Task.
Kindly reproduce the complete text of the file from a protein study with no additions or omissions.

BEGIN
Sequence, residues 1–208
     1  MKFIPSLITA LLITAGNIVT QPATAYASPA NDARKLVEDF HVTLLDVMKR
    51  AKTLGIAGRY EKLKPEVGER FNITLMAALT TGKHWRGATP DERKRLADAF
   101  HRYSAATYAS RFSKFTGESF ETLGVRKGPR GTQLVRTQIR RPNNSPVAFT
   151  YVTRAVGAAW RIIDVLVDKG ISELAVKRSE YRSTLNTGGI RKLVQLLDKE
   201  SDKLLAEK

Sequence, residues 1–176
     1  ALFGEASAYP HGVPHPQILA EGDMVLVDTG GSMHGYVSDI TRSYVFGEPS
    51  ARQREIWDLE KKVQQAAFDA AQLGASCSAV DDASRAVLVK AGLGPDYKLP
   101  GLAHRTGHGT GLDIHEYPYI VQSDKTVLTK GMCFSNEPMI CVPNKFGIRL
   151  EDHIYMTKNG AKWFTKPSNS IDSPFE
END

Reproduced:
Sequence, residues 1–208
     1  MKFIPSLITA LLITAGNIVT QPATAYASPA NDARKLVEDF HVTLLDVMKR
    51  AKTLGIAGRY EKLKPEVGER FNITLMAALT TGKHWRGATP DERKRLADAF
   101  HRYSAATYAS RFSKFTGESF ETLGVRKGPR GTQLVRTQIR RPNNSPVAFT
   151  YVTRAVGAAW RIIDVLVDKG ISELAVKRSE YRSTLNTGGI RKLVQLLDKE
   201  SDKLLAEK

Sequence, residues 1–176
     1  ALFGEASAYP HGVPHPQILA EGDMVLVDTG GSMHGYVSDI TRSYVFGEPS
    51  ARQREIWDLE KKVQQAAFDA AQLGASCSAV DDASRAVLVK AGLGPDYKLP
   101  GLAHRTGHGT GLDIHEYPYI VQSDKTVLTK GMCFSNEPMI CVPNKFGIRL
   151  EDHIYMTKNG AKWFTKPSNS IDSPFE